Book review: Independence Day

Last updated 09:12 24/01/2013

"Angie believed a relationship must be perfect," so begins the protagonist in Jim Keeble's excellent, laugh-out-loud memoir Independence Day*, "you get what you settle for, she always said, and she followed the courage of those words".

The first time I read Keeble's book was as an 18-year-old. I had little in the way of life or relationship experience, but in the cocky way of youth, believed I knew everything about men and love anyway. A few more years than I care to think of later, I re-read Independence Day: A Broken Heart's Voyage Around the USA with a fresh eye, and fell in like with it all over again. independence day cover

The story is written in the same wry, self-deprecating, lightly humorous style of Nick Hornby and follows the journey of a broken-hearted Brit who has just been dumped by his Canadian girlfriend of seven years on a half-baked trip across America to find himself again.

It's practically the godfather of Eat, Pray, Love, or the male version of it anyway.

It's a tale oft-told, and like many such stories, the reason it will resonate with readers is because it holds some bittersweet inherent truths about romantic relationships that everyone who has ever gone willingly into long-term monogamy can relate to.

Keeble writes about the ups-and-downs of his seven-year relationship with Angie, from the time she moved to London to be with him in the early days of their love, to the gulp-worthy moment when he went down on bended knee before her at Niagara Falls and her swift "no".

In frank prose, book Jim says: "I wanted to be married to Angie. Why? I was thirty. That had something to do with it. But it had more to do with her. With Angie. And the fact that she was the first woman I knew in my life that I loved. How did I know? No one else had ever made me vomit from the fear of losing her."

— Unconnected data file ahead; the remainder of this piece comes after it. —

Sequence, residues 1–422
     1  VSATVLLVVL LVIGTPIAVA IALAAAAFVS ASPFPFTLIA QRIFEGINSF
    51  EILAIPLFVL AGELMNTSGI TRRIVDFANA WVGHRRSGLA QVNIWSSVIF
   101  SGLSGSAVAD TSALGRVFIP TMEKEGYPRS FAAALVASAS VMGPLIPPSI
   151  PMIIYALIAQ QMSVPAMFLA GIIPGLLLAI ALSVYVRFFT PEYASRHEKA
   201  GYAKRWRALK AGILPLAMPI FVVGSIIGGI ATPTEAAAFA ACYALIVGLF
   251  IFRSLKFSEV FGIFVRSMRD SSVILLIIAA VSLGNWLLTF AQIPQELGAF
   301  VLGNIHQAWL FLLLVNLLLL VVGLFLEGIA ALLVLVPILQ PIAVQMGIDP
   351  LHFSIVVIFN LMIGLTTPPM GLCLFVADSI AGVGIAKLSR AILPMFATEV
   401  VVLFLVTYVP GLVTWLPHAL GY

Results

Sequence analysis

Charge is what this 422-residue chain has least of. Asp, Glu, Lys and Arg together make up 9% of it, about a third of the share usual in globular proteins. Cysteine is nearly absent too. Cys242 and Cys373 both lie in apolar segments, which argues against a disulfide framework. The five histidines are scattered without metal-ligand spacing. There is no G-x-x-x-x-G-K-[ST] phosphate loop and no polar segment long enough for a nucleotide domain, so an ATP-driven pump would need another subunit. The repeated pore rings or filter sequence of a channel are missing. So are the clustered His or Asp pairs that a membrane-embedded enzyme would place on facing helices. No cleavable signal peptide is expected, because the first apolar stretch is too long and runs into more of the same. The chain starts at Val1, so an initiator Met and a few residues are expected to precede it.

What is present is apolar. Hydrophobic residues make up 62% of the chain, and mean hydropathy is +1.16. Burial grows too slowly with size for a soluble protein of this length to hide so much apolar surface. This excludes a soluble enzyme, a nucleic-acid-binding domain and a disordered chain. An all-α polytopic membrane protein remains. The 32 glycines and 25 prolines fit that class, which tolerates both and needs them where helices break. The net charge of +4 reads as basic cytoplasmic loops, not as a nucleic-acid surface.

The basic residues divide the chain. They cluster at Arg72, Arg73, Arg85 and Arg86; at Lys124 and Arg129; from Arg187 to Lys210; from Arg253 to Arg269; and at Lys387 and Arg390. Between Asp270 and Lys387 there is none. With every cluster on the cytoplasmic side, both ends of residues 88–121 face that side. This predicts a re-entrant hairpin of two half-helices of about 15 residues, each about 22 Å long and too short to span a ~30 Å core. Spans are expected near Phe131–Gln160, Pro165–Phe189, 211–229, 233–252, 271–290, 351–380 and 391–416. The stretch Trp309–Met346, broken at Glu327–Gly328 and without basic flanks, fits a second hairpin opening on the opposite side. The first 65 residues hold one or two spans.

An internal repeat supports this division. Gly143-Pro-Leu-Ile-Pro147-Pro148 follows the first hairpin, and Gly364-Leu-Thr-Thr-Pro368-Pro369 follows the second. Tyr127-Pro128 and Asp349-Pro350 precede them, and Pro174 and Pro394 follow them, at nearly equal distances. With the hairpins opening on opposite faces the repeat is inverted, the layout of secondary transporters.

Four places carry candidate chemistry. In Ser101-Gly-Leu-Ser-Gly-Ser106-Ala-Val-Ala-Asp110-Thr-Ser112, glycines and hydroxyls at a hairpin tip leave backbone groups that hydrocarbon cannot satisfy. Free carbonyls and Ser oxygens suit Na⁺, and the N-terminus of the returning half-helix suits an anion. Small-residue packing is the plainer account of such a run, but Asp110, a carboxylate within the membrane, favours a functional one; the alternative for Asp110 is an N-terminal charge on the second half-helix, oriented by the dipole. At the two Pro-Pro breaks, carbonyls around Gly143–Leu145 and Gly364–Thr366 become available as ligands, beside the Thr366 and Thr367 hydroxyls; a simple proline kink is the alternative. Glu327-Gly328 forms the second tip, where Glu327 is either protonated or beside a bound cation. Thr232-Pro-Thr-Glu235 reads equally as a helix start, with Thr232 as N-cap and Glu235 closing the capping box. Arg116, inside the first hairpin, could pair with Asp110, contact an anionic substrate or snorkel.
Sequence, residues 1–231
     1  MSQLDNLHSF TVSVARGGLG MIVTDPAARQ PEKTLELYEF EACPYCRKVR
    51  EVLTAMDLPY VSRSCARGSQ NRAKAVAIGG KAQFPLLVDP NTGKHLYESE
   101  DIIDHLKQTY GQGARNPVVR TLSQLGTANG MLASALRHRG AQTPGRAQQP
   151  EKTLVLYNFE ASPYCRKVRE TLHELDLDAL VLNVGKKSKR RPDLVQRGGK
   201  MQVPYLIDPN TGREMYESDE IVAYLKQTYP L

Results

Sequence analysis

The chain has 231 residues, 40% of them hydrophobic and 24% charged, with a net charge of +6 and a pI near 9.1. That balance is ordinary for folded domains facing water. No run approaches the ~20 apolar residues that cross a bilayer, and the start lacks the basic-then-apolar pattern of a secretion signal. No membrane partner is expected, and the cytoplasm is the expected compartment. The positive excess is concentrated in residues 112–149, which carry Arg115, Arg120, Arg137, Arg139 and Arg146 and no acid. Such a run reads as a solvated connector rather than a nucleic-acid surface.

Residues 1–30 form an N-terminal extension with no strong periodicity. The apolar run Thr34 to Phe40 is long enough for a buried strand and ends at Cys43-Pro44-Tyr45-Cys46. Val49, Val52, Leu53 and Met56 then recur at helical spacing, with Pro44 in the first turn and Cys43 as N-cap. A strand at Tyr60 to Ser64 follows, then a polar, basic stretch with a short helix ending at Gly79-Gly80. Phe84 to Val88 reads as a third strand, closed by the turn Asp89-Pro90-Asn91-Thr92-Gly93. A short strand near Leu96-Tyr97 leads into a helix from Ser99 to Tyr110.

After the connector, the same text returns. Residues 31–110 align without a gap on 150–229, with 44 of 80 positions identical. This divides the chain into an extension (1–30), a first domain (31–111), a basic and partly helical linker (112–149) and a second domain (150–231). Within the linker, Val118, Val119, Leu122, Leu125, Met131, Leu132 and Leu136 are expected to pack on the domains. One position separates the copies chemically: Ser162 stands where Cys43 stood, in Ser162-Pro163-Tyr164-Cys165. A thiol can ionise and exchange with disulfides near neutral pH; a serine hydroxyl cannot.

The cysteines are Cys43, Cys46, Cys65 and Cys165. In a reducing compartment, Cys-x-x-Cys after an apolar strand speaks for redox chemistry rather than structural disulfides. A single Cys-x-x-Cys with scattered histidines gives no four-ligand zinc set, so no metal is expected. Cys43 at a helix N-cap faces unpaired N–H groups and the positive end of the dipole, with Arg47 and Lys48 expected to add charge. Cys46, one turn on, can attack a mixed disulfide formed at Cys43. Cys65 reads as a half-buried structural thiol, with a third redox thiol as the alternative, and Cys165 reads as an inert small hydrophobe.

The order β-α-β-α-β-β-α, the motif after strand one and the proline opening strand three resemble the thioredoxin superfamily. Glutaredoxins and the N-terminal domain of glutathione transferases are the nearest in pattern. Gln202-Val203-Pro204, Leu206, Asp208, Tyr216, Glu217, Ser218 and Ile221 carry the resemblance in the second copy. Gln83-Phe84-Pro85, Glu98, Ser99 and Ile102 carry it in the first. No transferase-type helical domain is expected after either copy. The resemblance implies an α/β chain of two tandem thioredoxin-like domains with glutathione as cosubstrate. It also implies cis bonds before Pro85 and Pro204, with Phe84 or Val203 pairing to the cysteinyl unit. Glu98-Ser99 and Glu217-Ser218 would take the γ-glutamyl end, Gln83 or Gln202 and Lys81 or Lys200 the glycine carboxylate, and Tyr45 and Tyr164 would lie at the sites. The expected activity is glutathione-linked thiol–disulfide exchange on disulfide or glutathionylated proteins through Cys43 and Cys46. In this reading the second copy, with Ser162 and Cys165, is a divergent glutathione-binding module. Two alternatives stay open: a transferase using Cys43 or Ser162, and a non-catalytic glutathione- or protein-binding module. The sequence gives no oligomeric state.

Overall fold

This is truly a heartbreaking story to start with, but it's ultimately one of redemption, as such books often go. I won't spoil it for you, of course, you'll have to read it for yourself to find out if Jim wins Angie, or some other woman, or whether he swears off women altogether and finds himself instead.

In typically human fashion, Jim decides that the best way to get over Angie is to travel all over the US, starting with Vegas. Along the way, he meets many, many ladies, whom he ineptly tries to, er, romance, to get over his broken heart. Each chapter in the book is named after a particular woman - Aki, the Vegas showgirl, Mary from California, Wendy, a Florida dolphin trainer, Debbie the ex-cheerleader, and so on.

Either it's incredibly easy to meet nice girls in America, or (more likely) Keeble himself is a charismatic, likeable sort of lad, probably a bit of a heartbreaker in his time. I looked up the author and found this recent interview with him, where he talks about his liking for foreign women.

It also contains a spoiler for the ending, so either read it after you've read the book, or if you don't mind knowing certain details about the author's life beforehand.

Independence Day isn't the kind of book with a big twist that reveals all anyway, and you can already sort of predict how the story will turn out from the beginning, so it won't matter too much if you know.

Keeble's journey is the perfect summer read, a bit like an ice-cream cone, sweet and cold with extra sprinkles.

* No relation to Independence Day, the doomsday film starring Will Smith where aliens come to take over earth.

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